A 2015 study, for instance, found that kindergarteners, who researchers tend to agree shouldn’t have any take-home work, were spending about 25 minutes a night on it. As many children, not to mention their parents and teachers, are drained by their daily workload, some schools and districts are rethinking how homework should work—and some teachers are doing away with it entirely.
They’re reviewing the research on homework (which, it should be noted, is contested) and concluding that it’s time to revisit the subject.
“The origin for this was general parental dissatisfaction, which not surprisingly was coming from a particular demographic,” Schneider says.
“Middle-class white parents tend to be more vocal about concerns about homework …
Jack Schneider, an education professor at the University of Massachusetts at Lowell whose daughter attends school in Somerville, is generally pleased with the new policy.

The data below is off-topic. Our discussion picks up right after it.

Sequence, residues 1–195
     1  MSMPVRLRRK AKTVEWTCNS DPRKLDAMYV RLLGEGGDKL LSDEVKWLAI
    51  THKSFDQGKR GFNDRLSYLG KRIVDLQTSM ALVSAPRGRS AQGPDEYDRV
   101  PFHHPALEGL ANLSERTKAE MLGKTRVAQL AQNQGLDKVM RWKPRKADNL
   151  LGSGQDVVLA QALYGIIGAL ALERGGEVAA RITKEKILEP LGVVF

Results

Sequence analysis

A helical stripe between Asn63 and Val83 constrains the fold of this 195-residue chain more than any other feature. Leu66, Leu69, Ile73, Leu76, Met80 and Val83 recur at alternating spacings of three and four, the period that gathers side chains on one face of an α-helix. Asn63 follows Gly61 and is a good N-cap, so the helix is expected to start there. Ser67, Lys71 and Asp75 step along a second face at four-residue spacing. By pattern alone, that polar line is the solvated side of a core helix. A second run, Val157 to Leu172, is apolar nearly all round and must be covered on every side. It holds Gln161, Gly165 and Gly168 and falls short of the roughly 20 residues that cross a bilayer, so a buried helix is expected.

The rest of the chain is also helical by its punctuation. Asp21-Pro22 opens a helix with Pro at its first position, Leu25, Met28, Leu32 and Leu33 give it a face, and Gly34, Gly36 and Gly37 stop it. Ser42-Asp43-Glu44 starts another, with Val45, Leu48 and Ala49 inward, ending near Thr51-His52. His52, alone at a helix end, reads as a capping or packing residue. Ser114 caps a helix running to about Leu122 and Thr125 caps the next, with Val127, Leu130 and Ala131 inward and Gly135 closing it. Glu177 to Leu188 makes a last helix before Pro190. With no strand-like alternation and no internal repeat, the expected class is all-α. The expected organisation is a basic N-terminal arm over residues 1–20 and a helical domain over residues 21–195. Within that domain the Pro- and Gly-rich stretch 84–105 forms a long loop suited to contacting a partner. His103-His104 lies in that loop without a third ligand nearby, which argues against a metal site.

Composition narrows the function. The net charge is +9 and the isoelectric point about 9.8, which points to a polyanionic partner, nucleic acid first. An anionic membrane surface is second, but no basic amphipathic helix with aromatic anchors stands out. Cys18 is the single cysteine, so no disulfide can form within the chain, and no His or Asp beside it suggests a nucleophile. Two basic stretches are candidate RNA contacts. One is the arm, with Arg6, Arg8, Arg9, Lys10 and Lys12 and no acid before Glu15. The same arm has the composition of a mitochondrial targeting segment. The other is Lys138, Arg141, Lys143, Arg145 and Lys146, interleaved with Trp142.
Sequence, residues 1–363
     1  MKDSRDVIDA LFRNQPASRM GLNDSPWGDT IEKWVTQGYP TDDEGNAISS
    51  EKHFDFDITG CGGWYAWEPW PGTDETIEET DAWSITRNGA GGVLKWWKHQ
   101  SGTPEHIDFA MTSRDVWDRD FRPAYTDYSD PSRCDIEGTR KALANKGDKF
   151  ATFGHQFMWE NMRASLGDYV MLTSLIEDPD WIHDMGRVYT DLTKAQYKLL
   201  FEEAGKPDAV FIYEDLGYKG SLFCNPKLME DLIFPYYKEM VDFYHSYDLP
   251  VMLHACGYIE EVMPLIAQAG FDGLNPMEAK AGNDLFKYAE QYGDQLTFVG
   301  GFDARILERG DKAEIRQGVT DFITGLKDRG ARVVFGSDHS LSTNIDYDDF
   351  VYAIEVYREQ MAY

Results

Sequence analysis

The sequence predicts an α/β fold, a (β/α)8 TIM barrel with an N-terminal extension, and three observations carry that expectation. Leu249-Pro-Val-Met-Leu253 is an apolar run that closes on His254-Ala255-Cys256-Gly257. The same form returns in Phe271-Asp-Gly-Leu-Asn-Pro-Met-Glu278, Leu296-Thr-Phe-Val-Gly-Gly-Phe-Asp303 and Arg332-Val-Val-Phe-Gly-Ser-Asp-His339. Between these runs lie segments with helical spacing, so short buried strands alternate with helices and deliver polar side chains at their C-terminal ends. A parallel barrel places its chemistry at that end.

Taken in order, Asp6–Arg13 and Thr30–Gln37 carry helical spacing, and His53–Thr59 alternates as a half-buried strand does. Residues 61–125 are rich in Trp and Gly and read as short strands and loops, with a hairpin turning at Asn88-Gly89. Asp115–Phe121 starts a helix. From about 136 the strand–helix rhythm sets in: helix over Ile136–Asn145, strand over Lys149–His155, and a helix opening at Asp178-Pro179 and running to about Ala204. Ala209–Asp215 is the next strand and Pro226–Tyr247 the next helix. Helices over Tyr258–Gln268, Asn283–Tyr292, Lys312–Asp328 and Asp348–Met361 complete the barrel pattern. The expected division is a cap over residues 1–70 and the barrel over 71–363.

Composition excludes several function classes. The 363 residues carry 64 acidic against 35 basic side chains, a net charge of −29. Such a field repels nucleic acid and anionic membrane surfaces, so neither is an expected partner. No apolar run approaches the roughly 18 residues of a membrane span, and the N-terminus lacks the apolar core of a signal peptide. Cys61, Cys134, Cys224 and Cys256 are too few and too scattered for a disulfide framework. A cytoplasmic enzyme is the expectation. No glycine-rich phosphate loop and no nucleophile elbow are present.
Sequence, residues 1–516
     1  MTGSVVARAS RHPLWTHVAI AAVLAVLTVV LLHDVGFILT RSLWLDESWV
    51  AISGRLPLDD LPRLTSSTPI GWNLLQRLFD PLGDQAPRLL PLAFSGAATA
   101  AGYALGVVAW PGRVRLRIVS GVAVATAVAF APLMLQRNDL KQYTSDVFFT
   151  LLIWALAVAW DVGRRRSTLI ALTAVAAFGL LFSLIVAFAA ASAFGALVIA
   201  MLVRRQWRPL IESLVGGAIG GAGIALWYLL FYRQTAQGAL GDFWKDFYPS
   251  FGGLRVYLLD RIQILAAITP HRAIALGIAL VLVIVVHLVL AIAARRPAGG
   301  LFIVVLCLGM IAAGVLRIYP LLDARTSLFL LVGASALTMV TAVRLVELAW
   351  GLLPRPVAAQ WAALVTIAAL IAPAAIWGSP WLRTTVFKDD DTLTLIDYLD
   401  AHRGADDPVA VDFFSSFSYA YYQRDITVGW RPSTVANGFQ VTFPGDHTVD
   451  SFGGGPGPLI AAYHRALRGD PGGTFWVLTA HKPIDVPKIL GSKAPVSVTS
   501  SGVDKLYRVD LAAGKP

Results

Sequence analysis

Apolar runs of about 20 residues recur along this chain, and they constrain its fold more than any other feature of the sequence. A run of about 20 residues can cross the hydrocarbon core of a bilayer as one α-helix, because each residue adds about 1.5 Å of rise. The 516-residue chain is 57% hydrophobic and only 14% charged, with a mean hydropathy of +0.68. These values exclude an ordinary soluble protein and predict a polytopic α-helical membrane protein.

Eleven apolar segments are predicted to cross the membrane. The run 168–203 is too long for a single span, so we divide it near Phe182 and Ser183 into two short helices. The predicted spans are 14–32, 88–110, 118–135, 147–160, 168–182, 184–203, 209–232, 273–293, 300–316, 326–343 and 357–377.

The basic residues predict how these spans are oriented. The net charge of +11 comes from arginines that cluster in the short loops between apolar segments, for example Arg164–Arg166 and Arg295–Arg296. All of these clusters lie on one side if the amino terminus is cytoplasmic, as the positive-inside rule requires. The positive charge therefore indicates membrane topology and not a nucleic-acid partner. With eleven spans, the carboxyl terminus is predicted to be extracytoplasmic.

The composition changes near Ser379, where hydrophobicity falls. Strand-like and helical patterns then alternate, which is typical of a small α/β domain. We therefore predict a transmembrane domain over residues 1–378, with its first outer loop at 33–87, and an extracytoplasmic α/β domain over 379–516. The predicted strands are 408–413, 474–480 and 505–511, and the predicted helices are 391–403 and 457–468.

But, he says, it’s part of a bigger, worrisome pattern.
Her thinking: Some of her students, she says, have little time for homework because they’re working 30 hours a week or responsible for looking after younger siblings.
As educators reduce or eliminate the homework they assign, it’s worth asking what amount and what kind of homework is best for students.
Earlier this year, the district of Somerville, Massachusetts, also rewrote its homework policy, reducing the amount of homework its elementary and middle schoolers may receive.
In grades six through eight, for example, homework is capped at an hour a night and can only be assigned two to three nights a week.